From the color to the texture to the smell, here's how to determine if your raw or cooked chicken is still safe to eat. Plus, storage tips and more.
chicken legs and trash can on designed background
Credit: Getty Images / fcafotodigital (chicken), Getty Images / Ryan McVay (trashcan)

Have you ever been in a rush to make your favorite chicken recipe and wondered to yourself, is this chicken bad? Safe food handling of chicken (e.g., not washing it) is crucial to preventing salmonella and other foodborne illnesses, but making sure the chicken you're getting ready to prepare has not spoiled is just as important.

How to Tell If Raw Chicken Has Gone Bad

A surefire way to tell if your raw chicken is past its prime is to smell it, notice its color and observe its texture for any noticeable changes since the point of purchase. When safe to consume, raw chicken has little to no scent, but if you get a whiff of something sour, reminiscent of rotten eggs or just downright foul, it's time to say goodbye.

Discoloration may also occur, and the normally pink raw meat may turn yellow, gray and even green. As for the texture, raw chicken should feel moist and smooth in your hand, not sticky, dry or rough.

"It should not slide from your fingers if you hold it. That being said, if you are having difficulty handling your chicken because it feels slimy, then your chicken has gone bad," says Natalia Thompson, CEO and recipe creator at Flavorful Home.

The USDA requires a "pack date" or code date for poultry products, which helps identify product lots in the event of a salmonella outbreak or outbreak of another foodborne illness. In addition to the identifying code date, a "best if used by" date will also be provided for quality assurance.

Regardless of the marked date, your raw chicken only has a two-day shelf life in the refrigerator. Before your next trip to the grocery store, take a look at our tips on shopping for the best chicken.

How to Tell If Cooked Chicken Has Gone Bad

Just like when it's raw, you'll know if cooked chicken is bad based on the smell, color and texture.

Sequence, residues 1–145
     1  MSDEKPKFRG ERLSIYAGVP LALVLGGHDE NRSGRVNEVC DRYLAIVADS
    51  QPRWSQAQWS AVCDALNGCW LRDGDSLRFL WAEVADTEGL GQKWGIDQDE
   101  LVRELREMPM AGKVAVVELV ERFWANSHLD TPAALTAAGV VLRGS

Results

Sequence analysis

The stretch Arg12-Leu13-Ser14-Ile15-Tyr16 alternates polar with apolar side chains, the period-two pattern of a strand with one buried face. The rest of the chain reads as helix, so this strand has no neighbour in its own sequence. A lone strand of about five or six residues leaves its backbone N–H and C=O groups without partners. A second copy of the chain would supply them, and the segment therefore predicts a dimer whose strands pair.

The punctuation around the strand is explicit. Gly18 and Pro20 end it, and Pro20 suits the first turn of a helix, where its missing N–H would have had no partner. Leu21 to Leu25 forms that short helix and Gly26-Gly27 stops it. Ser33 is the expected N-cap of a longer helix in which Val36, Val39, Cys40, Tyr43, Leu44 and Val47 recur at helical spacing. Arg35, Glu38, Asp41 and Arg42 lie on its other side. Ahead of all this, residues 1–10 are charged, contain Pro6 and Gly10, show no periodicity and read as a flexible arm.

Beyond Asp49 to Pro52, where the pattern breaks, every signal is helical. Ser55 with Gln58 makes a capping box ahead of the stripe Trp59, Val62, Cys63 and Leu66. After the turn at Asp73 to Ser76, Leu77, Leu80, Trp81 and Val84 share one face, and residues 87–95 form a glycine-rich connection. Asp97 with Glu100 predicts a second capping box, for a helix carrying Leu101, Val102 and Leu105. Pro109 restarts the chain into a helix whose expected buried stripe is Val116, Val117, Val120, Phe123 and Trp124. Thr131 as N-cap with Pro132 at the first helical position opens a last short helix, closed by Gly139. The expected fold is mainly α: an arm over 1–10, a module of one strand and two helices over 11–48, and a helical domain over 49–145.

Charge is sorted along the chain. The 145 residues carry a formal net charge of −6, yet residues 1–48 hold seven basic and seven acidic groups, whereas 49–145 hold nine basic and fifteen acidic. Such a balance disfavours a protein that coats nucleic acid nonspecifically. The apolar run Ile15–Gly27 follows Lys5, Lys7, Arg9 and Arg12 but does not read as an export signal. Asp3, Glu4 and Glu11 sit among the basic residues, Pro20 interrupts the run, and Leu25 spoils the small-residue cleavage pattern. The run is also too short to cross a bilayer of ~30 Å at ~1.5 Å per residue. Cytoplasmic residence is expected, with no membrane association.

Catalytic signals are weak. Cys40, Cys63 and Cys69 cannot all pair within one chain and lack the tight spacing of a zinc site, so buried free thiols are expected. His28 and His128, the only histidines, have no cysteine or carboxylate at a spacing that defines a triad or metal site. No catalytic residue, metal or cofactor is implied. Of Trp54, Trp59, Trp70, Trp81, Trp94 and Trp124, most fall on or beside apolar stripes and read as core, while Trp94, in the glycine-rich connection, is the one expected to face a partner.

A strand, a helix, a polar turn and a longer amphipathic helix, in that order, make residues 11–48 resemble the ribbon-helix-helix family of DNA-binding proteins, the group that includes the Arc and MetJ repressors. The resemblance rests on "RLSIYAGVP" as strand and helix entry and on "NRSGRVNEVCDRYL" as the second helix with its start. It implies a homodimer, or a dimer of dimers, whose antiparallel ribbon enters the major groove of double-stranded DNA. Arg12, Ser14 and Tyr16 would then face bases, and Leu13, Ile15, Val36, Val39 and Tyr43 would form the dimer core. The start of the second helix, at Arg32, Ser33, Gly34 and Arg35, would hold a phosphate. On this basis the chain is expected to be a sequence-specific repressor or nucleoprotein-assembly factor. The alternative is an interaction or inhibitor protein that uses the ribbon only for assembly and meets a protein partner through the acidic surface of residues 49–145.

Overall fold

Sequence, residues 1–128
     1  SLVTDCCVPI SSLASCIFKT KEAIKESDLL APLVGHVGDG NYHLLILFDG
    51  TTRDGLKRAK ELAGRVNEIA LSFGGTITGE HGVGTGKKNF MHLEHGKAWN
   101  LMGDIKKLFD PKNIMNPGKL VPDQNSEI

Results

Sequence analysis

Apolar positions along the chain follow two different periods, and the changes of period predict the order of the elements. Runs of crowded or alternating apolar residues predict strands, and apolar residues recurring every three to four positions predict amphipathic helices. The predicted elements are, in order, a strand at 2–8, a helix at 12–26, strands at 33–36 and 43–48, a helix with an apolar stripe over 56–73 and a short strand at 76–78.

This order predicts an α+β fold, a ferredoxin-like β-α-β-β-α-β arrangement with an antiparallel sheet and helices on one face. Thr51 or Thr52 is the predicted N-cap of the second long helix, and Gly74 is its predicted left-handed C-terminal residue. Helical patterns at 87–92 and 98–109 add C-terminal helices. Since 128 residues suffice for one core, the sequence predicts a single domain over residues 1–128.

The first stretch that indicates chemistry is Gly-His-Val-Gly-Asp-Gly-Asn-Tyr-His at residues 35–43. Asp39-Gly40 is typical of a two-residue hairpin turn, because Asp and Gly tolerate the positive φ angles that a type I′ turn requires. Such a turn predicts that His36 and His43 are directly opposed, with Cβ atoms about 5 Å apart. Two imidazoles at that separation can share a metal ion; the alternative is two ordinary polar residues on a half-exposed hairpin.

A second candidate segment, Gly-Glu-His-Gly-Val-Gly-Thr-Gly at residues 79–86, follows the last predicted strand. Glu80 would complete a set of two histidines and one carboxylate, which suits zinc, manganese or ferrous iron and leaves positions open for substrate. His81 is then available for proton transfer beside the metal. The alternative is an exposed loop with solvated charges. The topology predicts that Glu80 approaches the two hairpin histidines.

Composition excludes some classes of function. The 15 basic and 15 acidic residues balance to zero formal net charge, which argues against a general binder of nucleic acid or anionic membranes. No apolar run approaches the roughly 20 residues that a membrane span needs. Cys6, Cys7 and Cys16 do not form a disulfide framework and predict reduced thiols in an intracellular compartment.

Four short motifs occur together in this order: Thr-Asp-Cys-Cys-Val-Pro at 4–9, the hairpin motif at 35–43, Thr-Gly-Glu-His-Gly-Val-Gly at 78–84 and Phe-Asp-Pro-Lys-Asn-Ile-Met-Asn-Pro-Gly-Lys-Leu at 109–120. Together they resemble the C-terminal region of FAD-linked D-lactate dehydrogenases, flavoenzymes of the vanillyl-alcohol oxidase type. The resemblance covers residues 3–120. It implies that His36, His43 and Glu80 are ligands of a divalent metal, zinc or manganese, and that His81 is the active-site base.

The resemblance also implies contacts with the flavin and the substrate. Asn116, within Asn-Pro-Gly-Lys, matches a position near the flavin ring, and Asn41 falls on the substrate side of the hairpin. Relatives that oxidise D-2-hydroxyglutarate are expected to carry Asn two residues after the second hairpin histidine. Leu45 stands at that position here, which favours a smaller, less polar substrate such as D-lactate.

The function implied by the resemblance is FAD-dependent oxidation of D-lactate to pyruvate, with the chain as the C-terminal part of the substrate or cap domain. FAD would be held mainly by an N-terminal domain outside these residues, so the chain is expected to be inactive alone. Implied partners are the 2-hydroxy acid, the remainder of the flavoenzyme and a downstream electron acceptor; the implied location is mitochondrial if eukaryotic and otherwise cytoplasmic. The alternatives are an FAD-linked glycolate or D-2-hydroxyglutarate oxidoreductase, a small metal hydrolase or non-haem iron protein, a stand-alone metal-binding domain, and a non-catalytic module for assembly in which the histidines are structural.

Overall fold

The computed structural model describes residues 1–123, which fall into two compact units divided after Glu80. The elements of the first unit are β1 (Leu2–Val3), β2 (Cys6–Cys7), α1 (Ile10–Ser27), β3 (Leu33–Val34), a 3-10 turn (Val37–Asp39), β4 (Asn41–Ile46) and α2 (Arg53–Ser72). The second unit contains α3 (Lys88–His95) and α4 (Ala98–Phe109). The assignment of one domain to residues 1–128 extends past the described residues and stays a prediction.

"Cooked chicken will start to appear gray or greenish, and have a softer or slimier texture when it starts to go bad; as well as a foul smell. Cooked chicken may also develop mold or white patches on it, which indicates it has gone bad," says Katie Tomaschko, M.S., RDN.

Like raw chicken, cooked chicken also has a short shelf life in your refrigerator of three to four days, so make sure to put your leftover chicken to work before it's time to toss it.

How to Store Chicken in the Fridge

Once you get home from the store, your raw chicken should go into the refrigerator straight away and be cooked within two days. Be sure to keep your meat on the bottom shelf or drawer of your refrigerator to ensure that there won't be any accidental dripping of raw chicken juices onto your other food.

If you're placing cooked chicken in the refrigerator, make sure you have an airtight container handy and plans to eat it soon. "Once your chicken has been thoroughly cooked, store it in a sealed container in the refrigerator for up to four days. For best results, wait to chop/slice/shred any leftover chicken breasts until ready to enjoy," says Jessica Randhawa, owner and head chef of The Forked Spoon.

How to Store Chicken in the Freezer

As for the freezer, you can freeze cooked and uncooked chicken with ease. Most chicken is sold in plastic-wrapped containers, which may cause freezer burn. Instead, place the raw chicken in freezer bags and press out as much air as possible before sealing the bag. If possible, write the date on it, even though the USDA says it can last indefinitely if continuously frozen.

If you won't be able to finish your leftover cooked chicken from the fridge, you can store it the same way—in a sealed freezer-friendly bag with as much air as possible pressed out. Try dividing it into portions for easy meal prepping.

Bacteria can stick around on uncooked chicken if the thawing process takes too long, so when it's time to defrost your chicken, there are a few effective methods—like sticking it in the fridge, or using a cold water bath—that are safer than microwaving it or simply sitting it on your kitchen counter.

And make sure if you need to refreeze your chicken for some reason, you follow these steps to do it safely.

Bottom Line

It's actually fairly easy to tell if your raw or cooked chicken has gone bad. You just have to smell it, touch it and give it a good looking-over. If it smells bad, is really slippery or slimy, or is rough or discolored in any way, throw it out.

If you've found that your chicken is good and safe to eat, try this delicious recipe that starts with raw chicken thighs, Huli Huli Chicken with Pineapple-Ginger Sauce, or this saucy-creamy-cheesy recipe that use leftover cooked chicken, Adobo Chicken & Kale Enchiladas.